49 UC Riverside medical students were matched for a residency program, with the majority staying in California
By Iqbal Pittalwala On MARCH 16, 2018
RIVERSIDE, Calif. – Forty-nine students graduating from the School of Medicine at the University of California, Riverside, took part today in “Match Day,” the day when graduating medical students throughout the country find out if they have matched for a residency program at a hospital or health system of their choosing.
The students, their families, and friends joined the School of Medicine’s faculty and staff at the Riverside Convention Center where, at precisely 9 a.m., the students ripped open envelopes to learn where they will spend at least the next few years of their lives.
The event, which marked the culmination of four demanding years of medical school, was charged with emotion for not only the students but also their families and the School of Medicine faculty and staff.
Loud cheers and cries of joy erupted in a packed ballroom as students held up their match letters and told family and friends where they will spend their residency.
This year, more than 80 percent of the medical school’s 2018 class will do their residencies in California, with about 39 percent staying in the Inland Empire. More than 50 percent of the students will take part in primary care residencies.
“It’s been a long haul,” said Dr. Deborah Deas, the Mark and Pam Rubin Dean and chief executive officer for clinical affairs at the medical school, to the class of 2018. “You worked hard, you worked long hours. Along the way, there was a lot of excitement, lots of tears. You didn’t do it all alone. You had tremendous support from your family members, and your professors and staff in the School of Medicine — all of whom wanted to enable your success. As you know, our mission is to increase the physician workforce in inland Southern California. We are, therefore, counting on you to return to our region soon.”
Neal Schiller, the medical school’s senior associate dean for student affairs, said it had been both a pleasure and privilege to be a part of the class of 2018’s educational path.
“We wish you the very best,” he said. “We know you will represent the UCR School of Medicine well in the populations you are going to work with. The communities around us need you. We hope you will make a serious effort to come back to our region and be part of our community. We hope, too, that we met or exceeded your expectations. You should know you have exceeded many of our expectations. As a new medical school we were very encouraged to find in you a strong cohort of medical applicants who chose us for their education. We thank you for that and hope we earned your trust in supporting you as you moved forward.”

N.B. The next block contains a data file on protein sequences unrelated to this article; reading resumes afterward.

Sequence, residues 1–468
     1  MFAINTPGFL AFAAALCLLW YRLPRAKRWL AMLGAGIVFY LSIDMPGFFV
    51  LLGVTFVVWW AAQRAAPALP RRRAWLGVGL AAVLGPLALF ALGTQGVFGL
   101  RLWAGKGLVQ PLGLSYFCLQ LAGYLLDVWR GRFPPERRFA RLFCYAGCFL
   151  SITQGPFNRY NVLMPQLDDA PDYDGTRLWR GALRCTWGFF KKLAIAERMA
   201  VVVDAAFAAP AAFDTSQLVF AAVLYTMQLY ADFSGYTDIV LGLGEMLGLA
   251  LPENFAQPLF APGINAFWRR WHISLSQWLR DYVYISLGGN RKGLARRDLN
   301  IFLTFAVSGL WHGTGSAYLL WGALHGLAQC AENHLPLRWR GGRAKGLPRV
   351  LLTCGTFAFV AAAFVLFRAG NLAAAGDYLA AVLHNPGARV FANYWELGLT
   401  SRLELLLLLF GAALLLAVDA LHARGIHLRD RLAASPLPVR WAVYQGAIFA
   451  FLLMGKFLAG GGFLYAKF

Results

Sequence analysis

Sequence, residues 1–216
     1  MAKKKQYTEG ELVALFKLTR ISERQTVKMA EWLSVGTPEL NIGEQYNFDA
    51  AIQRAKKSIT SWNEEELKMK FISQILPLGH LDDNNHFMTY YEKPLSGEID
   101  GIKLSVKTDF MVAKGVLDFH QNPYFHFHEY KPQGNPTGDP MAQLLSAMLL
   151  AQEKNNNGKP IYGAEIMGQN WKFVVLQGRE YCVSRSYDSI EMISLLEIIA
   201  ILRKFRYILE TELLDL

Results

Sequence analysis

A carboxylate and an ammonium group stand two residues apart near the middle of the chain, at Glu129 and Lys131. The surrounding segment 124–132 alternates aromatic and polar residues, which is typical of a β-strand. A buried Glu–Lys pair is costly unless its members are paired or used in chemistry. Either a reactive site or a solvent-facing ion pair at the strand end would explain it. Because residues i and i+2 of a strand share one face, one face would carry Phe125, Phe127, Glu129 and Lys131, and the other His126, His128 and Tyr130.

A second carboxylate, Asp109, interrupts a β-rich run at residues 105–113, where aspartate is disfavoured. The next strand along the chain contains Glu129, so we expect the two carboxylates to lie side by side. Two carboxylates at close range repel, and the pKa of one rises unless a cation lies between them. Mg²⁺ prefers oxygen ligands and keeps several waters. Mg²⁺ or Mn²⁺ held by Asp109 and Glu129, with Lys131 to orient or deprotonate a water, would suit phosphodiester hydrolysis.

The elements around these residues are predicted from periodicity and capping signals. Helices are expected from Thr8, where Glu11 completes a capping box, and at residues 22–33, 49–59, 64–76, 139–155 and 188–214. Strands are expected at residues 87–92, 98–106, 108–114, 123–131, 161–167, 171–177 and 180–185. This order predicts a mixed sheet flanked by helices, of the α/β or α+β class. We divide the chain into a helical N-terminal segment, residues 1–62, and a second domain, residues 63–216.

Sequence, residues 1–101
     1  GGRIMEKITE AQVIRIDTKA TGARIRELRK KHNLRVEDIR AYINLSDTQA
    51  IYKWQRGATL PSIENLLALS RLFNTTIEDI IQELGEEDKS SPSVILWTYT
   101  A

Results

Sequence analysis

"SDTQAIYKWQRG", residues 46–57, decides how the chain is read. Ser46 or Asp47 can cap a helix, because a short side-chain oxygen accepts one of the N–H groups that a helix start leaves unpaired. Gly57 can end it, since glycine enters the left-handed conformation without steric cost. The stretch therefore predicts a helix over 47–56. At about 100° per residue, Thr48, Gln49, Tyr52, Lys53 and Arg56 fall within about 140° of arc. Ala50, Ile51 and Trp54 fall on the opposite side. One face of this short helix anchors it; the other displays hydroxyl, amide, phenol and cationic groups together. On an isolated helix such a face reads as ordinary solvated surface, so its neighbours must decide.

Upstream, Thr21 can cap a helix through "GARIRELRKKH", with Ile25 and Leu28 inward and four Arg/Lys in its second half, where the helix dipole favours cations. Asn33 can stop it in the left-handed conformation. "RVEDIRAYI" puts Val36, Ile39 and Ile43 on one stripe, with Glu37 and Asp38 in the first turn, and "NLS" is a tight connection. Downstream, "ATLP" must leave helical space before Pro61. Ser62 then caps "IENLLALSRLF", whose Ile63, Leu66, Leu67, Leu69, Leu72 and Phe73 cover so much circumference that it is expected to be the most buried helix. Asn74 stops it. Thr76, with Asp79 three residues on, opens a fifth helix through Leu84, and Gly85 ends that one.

Dr. Gerald Maguire, the associate dean for graduate medical education and chair of psychiatry, urged the class of 2018 to remember that medicine is always a calling.
“If on a tough day you have any doubts about why you are in your field, read your personal statements for medical school and residency,” said Maguire, pleased that three students in the class of 2018 had matched for the UCR psychiatry residency program. “Those statements will remind you why you chose this career.”
One of the three students soon joining Maguire’s residency program is Edgar Ortega, who grew up in Mexicali, Mexico. Ortega knew he wanted to be in inland Southern California for his residency and was drawn to the region in part because of his family living in Riverside and San Bernardino counties.
“There is a lot of need for mental health professionals in this area which has a large Hispanic population and other minority groups as well,” said Ortega, 31, who became a U.S. citizen in 2012. “This diversity was also a big motivation for me to stay in Riverside County. I still don’t believe I have come to this point in my nearly 11-year journey since I left Mexico for the United States.”
Dr. Gemma Kim, who directs the family residency program at the UCR Health Family Medicine Center in Palm Springs, had words of advice for Ortega and the others in the graduating class.
“Embrace the moment. You have a certain number of years to finish your residency program to learn as much as you can,” Kim said. “When you finish residency you still won’t know everything. Your medical career is a lifelong learning process. The grass is greener where you water it, I tell my residents. So water all you can.”
Dr. Tae Kim, chief medical officer for UCR Health, remembered his own Match Day many years ago.
“There was a lot of anxiety because you don’t know where you will be the next three years of your life,” he said. “I got no rest the night before due to excitement. You hope you match with one of your top three choices for a residency program. I was fortunate to get my first choice.”
His advice for the class of 2018: “In your first year you will learn the most because it’s such a high learning curve, made tougher because you are taking care of patients. There may be times when it doesn’t seem doable. But it is doable, I can assure you; so don’t give up, just as you didn’t give up in medical school. Keep on pushing forward because at the end of the day it is about patient care; it’s about supporting your community.”